Why Musicians Can’t Dance (THREE couples now could) was given the lie, by Peter Morgan, some of whose moves while conducting had me expecting a moonwalk at any moment! A nice guitar solo on this one, too.
April in Paris closed the set with audience-participation (“One more time” we chanted)! So now he had us singing, dancing and chanting: if there’s any snow to be sold to the Inuit, here’s your man for the job!
The interval passed with pizza slices and raffle then back to the music!
Specifically, the music of Gordon Goodwin: the brilliant, cartoon inspired Hunting Wabbits. Its manic staccato opening, all honking brass and clashing cymbals, had the dancers back in action straight away and the melodic middle section featured more fine solos including soprano sax and piano before the drums announced a return to madness. The dancers needed to steer well clear of Mr Morgan’s windmill arms as he wound the band up to a frenetic finale! Goodwin also provided the set-closer, Sing Sang Sung – an “interesting” (understatement!) take on Sing Sing Sing heard on Monday at The Cherry Tree. There the audience had been vocal, here they were rowdily festive, dancing, clapping and hollering (someone near me was doing a passable impersonation of a tawny owl)!
In between these gems – all good, but I need to be brief – we had: Stardust (and an explanation of the name “Hoagy”); Groovin’ High (which lived up to its name); Moonlight in Vermont; Sister Sadie (bop bop bop-baa) and C Jam Blues with at least 10 solos to illustrate “What jazz bands are all about” (Peter Morgan’s words, not mine). Great stuff: this is a band to follow, if not to the ends of the earth, at least to Crook or South Shields or anywhere else you can catch them! Did anyone buy a drink for the soloists, I wonder?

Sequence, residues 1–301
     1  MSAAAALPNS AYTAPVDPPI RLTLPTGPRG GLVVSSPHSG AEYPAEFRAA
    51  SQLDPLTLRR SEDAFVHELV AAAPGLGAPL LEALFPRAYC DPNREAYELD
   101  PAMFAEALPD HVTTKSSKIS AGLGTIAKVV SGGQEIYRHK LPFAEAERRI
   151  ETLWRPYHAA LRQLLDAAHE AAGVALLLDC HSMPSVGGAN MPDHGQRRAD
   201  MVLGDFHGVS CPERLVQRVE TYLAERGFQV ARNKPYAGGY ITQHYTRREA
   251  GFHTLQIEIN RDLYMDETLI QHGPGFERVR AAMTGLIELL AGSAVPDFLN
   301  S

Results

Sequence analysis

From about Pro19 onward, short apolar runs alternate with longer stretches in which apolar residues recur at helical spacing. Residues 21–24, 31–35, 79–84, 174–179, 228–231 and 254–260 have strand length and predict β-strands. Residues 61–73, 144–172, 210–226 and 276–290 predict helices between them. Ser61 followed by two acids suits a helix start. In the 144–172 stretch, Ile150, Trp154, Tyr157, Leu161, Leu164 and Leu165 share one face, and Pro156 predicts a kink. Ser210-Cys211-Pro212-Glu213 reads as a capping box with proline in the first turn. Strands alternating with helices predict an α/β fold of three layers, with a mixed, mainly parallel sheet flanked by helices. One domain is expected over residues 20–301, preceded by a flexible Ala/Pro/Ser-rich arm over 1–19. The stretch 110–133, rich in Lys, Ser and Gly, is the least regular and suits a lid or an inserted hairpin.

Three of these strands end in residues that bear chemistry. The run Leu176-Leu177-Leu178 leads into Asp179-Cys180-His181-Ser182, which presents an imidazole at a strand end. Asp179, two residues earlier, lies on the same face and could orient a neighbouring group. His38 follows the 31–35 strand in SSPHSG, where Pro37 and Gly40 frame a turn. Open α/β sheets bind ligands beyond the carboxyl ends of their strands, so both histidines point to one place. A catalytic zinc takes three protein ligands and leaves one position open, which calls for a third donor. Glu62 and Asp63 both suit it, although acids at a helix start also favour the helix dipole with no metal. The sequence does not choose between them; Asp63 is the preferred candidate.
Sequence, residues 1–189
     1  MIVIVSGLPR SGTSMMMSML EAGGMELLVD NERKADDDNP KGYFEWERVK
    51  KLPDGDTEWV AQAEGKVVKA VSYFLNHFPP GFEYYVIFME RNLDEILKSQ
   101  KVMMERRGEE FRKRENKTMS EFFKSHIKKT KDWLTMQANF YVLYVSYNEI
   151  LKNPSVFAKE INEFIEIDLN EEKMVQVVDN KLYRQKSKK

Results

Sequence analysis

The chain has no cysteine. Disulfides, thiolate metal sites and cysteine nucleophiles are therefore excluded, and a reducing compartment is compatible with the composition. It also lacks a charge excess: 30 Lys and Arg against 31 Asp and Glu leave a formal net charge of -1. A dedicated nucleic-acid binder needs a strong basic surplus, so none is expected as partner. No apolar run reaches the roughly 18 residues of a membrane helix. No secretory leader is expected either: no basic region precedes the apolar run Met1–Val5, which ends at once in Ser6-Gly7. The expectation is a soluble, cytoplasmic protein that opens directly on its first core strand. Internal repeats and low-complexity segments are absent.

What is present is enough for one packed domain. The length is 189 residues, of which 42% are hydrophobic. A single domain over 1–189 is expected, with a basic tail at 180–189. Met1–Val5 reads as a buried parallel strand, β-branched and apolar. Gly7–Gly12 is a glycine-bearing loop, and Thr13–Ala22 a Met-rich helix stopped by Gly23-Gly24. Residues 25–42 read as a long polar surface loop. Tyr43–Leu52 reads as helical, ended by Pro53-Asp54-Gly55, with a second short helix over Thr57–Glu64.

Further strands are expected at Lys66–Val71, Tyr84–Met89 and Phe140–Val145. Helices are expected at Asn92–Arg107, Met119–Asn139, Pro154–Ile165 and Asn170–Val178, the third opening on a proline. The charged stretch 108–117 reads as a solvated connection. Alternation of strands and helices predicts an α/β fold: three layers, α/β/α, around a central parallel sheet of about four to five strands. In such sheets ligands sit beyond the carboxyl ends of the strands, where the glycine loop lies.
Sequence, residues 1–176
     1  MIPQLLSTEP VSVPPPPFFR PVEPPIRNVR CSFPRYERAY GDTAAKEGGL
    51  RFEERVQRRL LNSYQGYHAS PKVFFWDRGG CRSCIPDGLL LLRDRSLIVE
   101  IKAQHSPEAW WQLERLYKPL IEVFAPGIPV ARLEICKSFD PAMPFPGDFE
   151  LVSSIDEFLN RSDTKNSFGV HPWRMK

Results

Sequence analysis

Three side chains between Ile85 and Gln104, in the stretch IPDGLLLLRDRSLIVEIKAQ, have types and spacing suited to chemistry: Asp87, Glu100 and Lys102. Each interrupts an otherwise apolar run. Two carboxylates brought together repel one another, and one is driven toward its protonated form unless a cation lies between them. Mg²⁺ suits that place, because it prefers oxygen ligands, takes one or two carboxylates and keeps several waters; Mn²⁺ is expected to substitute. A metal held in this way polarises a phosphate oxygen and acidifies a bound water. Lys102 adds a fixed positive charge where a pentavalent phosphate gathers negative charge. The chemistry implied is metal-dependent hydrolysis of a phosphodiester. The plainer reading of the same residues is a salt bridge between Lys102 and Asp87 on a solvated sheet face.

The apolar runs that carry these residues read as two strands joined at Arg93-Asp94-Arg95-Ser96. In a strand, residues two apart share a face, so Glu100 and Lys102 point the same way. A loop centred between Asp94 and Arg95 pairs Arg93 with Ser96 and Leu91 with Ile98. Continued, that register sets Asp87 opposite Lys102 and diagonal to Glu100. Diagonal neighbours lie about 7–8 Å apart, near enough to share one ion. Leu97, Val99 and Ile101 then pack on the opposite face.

Thanks to all at St. Cuthbert’s for an excellent night: next  gig is Djangologie, keep an eye on the listings for that. We’ll be there. – Jerry.

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Whilst we appreciate the many emails, texts, messages and other communications we receive requesting album/gig reviews on BSH, regrettably, we are unable to reply to them all other than those we are able to answer with a positive response.
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Lance

About this blog - contact details.

Bebop Spoken Here -- Here, being the north-east of England -- centred in the blues heartland of Newcastle and reaching down to the Tees Delta and looking upwards to the Land of the Kilt.
Not a very original title, I know; not even an accurate one as my taste, whilst centred around the music of Bird and Diz, extends in many directions and I listen to everything from King Oliver to Chick Corea and beyond. Not forgetting the Great American Songbook the contents of which has provided the inspiration for much great jazz and quality popular singing for round about a century.
The idea of this blog is for you to share your thoughts and pass on your comments on discs, gigs, jazz - music in general. If you've been to a gig/concert or heard a CD that knocked you sideways please share your views with us. Tell us about your favourites, your memories, your dislikes.
Lance (Who wishes it to be known that he is not responsible for postings other than his own and that he's not always responsible for them.)
Contact: lanceliddle@gmail.com I look forward to hearing from you.